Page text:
Social cognitive theory Dieu Huong

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Social cognitive theory Dieu Huong by Mind Map: Social cognitive theory     Dieu Huong

1. components

1.1. 1.1. Modeling

1.1.1. Attention

1.1.1.1. Observers selectively give attention to specific social behavior

1.1.1.1.1. cognitive capability,,

1.1.1.1.2. value preference

1.1.1.1.3. preconceptions

1.1.2. Retention

1.1.2.1. Observe a behavior and subsequent consequences

1.1.3. Motivational process

1.1.3.1. process reenacts a behavior depending on responses and consequences the observer receives when reenacting that behavior

1.1.4. Production

1.1.4.1. refers to the symbolic representation of the original behavior

1.2. 1.2. Outcome expectancies

1.2.1. Physical

1.2.1.1. bodily sensations and material gains or losses

1.2.2. Social

1.2.2.1. anticipated approval or disapproval

1.2.3. Self- evaluative

1.2.3.1. how one expects that they will feel about themselves after performing a behavior

1.3. 1.3. Self-efficacy

1.3.1. Bandura

1.3.1.1. "the belief in one's capabilities to organize and execute the courses of action required to manage prospective situations".

1.3.2. increased by

1.3.2.1. Mastery experience

1.3.2.1.1. which is a process that helps an individual achieve simple tasks that lead to more complex objectives

1.3.2.2. Social modeling

1.3.2.2.1. provides an identifiable model that shows the processes that accomplish a behavior

1.3.2.3. Improving physical and emotional states

1.3.2.3.1. refers to ensuring a person is rested and relaxed prior to attempting a new behavior

1.3.2.4. Verbal persuasion

1.3.2.4.1. is providing encouragement for a person to complete a task or achieve a certain behavior

1.4. 1.4. Identification

1.4.1. allows the observer to feel a one-to-one similarity with the model

1.4.2. People are more likely to follow behaviors modeled by someone with whom they can identify with

2. benefits

2.1. Mass communication

2.1.1. Media contents studies

2.1.1.1. Social cognitive theory is often applied as a theoretical framework of studies pertained to media representation regarding

2.1.1.1.1. race

2.1.1.1.2. gender

2.1.1.1.3. age

2.1.1.1.4. beyond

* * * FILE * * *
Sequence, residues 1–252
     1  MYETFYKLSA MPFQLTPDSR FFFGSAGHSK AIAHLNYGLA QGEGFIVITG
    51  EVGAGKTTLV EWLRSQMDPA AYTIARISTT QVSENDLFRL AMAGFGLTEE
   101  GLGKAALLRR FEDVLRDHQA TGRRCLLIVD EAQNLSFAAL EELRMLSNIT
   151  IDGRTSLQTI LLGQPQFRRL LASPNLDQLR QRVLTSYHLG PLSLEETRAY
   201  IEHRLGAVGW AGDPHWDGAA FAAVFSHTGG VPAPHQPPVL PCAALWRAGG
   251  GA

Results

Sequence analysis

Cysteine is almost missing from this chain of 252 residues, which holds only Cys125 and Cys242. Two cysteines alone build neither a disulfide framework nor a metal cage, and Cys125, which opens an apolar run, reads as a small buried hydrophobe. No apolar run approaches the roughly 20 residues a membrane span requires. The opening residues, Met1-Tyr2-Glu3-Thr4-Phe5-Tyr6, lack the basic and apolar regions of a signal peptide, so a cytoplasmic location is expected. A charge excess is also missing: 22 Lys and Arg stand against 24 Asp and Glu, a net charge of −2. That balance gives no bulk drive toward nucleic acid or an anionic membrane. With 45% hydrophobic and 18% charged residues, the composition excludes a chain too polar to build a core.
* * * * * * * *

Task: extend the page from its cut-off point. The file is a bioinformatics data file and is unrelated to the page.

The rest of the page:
2.1.1.2. Bandura, 2011

2.1.1.2.1. Social cognitive theory suggested heavily repeated images presented in mass media can be potentially processed and encoded by the viewers

2.1.1.3. examine the substratum of media messages that viewers are exposed to

2.1.1.3.1. provide an opportunity to uncover the social values attached to these media representations

2.1.1.4. offer an avenue to predict potential media effects from modeling certain contents

2.1.1.4.1. provides evidence and guidelines for designing subsequent empirical work

2.1.2. Media effects studies

2.1.2.1. pervasively employed in studies examining attitude or behavior changes triggered by the mass media

2.1.2.2. Bandura

2.1.2.2.1. people can learn how to perform behaviors through media modeling

2.1.2.3. widely applied in media studies pertained to

2.1.2.3.1. sports

2.1.2.3.2. health

2.1.2.3.3. education

2.1.2.3.4. beyond

2.1.2.4. In health communication, social cognitive theory has been applied in research related to

2.1.2.4.1. smoking quit

2.1.2.4.2. HIV

2.1.2.4.3. prevention

2.1.2.4.4. safe sex behaviors

2.1.2.4.5. and so on

2.2. Public health

2.2.1. Miller's 2005

2.2.1.1. choosing the proper gender, age, and ethnicity for models ensured the success of an AIDS campaign to inner city teenagers

2.2.2. Azza Ahmed 2009

2.2.2.1. there would be an increase in breastfeeding by mothers of preterm infants when exposed to a breastfeeding educational program guided by SCT

2.2.2.1.1. personal

2.2.2.1.2. behavioral

2.2.2.1.3. environmental

3. assumptions

3.1. Observing Others

3.1.1. People can learn by watching others.

3.2. Learning might lead to a behavior - or it might not

3.2.1. Learning might happen later or not at all.

3.3. Goal Setting

3.3.1. People set goals for themselves and work to achieve those goals

3.4. Self Regulated Learning

3.4.1. people will regulate their own learning.

3.5. Reinforcement and Punishment

3.5.1. People have expectations on outcomes of behavior.

4. background

4.1. theory

4.1.1. advanced by Albert Bandura as an extension of his social learning theory

4.1.1.1. when people observe a model performing a behavior and the consequences of that behavior, they remember the sequence of events and use this information to guide subsequent behaviors

4.1.1.2. Observing a model can also prompt the viewer to engage in behavior they already learned

4.1.2. used in psychology, education, and communication, holds that portions of an individual's knowledge acquisition can be directly related to observing others within the context of

4.1.2.1. social interactions

4.1.2.2. experiences

4.2. theorist

4.2.1. 1931

4.2.1.1. Edwin B. Holt and Harold Chapman Brown's

4.2.2. 1941

4.2.2.1. Neal E. Miller and John Dollard

4.2.3. 1961-2001

4.2.3.1. Bandura